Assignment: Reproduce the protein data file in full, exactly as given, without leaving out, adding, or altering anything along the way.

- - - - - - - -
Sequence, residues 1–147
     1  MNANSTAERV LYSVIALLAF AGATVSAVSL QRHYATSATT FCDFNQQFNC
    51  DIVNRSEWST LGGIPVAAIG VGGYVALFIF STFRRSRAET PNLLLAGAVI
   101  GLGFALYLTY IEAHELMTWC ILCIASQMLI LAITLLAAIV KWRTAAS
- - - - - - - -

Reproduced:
Sequence, residues 1–147
     1  MNANSTAERV LYSVIALLAF AGATVSAVSL QRHYATSATT FCDFNQQFNC
    51  DIVNRSEWST LGGIPVAAIG VGGYVALFIF STFRRSRAET PNLLLAGAVI
   101  GLGFALYLTY IEAHELMTWC ILCIASQMLI LAITLLAAIV KWRTAAS